Ironies abound in the latest by China’s greatest contemporary cinematic chronicler Jia Zhangke: There’s politics in every one of cinematographer Yu Likwai’s superbly composed HD frames, but it’s feel that the former is after. And in the half-drowned town of Fengjie – the victim of the Yangtze river Three Gorges Project and capitalism as well as being the new home of rural Shanxi construction worker Han (Han Sanming) – the feeling isn’t good.
Han is looking for his estranged wife and daughter; while, in another part of town, as if to show missed-connections are no male preserve, nurse Hong (Zhao Tao) is looking for an absentee husband. Meanwhile, the Yangtze flows on; they both end up gazing out to it, in search of answers to questions wider than the immediate.
Arguably, ‘Still Life’ marks a change for Jia, with a sharpening focus reflecting the translation of his observational eye from the particular modes, dilemmas and adaptations pertaining to his home province of Shanxi to the even faster-changing realities of the more industrialised Chinese heartland. But here – from the opening pan around the rolling community of the ‘immigrants’’ boat through the film’s mini-odyssey among the lived-in spaces taking occupancy during the hastening phases of deconstruction and erection – what is unchanged is Jia’s unique ability to let us participate in people’s experience.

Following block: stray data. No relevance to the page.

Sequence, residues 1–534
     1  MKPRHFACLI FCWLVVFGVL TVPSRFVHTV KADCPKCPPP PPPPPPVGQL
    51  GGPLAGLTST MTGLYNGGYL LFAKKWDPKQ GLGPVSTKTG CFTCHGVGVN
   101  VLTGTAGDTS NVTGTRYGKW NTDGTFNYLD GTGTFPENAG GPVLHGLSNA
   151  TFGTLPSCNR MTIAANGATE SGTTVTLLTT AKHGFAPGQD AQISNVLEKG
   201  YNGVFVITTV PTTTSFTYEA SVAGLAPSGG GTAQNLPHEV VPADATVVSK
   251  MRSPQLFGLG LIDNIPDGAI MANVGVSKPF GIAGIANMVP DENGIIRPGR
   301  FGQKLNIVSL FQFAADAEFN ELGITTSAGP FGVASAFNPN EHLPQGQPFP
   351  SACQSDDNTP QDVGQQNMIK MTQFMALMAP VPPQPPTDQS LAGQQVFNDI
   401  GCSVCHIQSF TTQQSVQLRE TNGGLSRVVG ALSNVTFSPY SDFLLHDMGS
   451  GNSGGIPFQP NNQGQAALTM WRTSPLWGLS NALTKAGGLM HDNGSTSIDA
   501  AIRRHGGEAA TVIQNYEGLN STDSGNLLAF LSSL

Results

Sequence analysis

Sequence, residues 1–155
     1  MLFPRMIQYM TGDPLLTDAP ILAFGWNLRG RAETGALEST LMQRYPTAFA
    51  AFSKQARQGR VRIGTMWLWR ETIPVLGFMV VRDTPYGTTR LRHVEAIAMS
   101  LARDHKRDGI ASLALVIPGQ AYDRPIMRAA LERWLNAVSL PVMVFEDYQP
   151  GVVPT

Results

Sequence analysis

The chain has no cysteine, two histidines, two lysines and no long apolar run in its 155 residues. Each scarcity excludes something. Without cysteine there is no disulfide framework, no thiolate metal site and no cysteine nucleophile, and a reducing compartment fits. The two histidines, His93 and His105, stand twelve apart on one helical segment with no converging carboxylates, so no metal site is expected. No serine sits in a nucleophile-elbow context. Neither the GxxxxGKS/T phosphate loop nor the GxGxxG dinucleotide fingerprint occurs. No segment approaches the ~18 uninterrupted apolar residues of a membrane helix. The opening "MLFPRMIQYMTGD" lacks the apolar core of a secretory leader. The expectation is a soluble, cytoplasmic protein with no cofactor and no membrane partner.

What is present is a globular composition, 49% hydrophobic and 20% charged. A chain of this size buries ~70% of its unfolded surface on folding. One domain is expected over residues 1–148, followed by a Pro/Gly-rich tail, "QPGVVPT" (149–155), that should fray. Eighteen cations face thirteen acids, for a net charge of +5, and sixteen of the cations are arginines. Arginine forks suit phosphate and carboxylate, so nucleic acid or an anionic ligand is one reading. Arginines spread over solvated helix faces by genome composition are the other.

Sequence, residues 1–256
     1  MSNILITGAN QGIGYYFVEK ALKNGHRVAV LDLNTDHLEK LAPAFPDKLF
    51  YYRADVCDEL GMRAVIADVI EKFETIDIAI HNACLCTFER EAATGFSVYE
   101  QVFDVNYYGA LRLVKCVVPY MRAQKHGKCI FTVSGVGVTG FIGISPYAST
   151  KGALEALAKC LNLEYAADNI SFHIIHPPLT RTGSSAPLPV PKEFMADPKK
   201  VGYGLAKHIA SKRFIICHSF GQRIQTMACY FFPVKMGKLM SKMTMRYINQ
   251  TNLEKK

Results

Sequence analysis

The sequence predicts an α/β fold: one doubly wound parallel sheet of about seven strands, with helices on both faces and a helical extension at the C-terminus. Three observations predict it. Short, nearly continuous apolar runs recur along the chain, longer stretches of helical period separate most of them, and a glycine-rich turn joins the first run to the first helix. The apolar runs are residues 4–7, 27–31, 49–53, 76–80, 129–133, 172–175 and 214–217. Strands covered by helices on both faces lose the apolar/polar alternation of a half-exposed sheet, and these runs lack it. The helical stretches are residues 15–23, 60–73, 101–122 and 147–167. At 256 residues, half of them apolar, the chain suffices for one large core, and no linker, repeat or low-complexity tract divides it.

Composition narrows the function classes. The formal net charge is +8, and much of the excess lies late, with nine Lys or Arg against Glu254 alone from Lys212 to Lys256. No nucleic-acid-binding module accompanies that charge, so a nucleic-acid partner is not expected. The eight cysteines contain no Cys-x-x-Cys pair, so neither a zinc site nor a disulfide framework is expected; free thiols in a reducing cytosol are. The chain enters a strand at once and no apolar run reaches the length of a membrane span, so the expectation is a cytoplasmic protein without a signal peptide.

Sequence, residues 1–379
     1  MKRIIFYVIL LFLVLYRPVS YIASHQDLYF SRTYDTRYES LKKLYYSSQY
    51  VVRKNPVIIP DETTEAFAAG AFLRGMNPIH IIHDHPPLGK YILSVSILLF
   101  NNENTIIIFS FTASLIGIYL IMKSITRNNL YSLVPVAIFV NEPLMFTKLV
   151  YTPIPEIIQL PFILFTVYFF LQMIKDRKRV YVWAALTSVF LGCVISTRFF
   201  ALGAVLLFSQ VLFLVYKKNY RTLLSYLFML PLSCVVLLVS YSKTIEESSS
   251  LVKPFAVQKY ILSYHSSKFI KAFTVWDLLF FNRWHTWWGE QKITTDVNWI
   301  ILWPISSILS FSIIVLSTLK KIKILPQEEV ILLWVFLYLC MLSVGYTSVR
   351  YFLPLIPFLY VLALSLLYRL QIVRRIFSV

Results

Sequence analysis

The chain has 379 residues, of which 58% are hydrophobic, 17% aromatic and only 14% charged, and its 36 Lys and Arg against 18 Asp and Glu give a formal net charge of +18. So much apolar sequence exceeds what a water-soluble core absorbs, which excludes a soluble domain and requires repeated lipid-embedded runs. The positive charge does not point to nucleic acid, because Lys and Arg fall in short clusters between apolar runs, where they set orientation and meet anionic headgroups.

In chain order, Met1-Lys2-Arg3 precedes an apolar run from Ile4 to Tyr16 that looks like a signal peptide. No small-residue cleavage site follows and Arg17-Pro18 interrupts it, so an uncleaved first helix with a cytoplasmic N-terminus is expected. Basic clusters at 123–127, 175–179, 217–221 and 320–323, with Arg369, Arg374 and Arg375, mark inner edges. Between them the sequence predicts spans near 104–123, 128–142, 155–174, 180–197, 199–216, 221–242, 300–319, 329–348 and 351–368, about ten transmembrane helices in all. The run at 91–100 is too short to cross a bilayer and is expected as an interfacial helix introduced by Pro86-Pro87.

In ‘Still Life’ the director’s assurance is such that the barriers between documentary and fictional film are made to seem an irrelevance; you may find his film’s intimations of commonality – what we share as human beings – will surprise and move you in unexpected ways.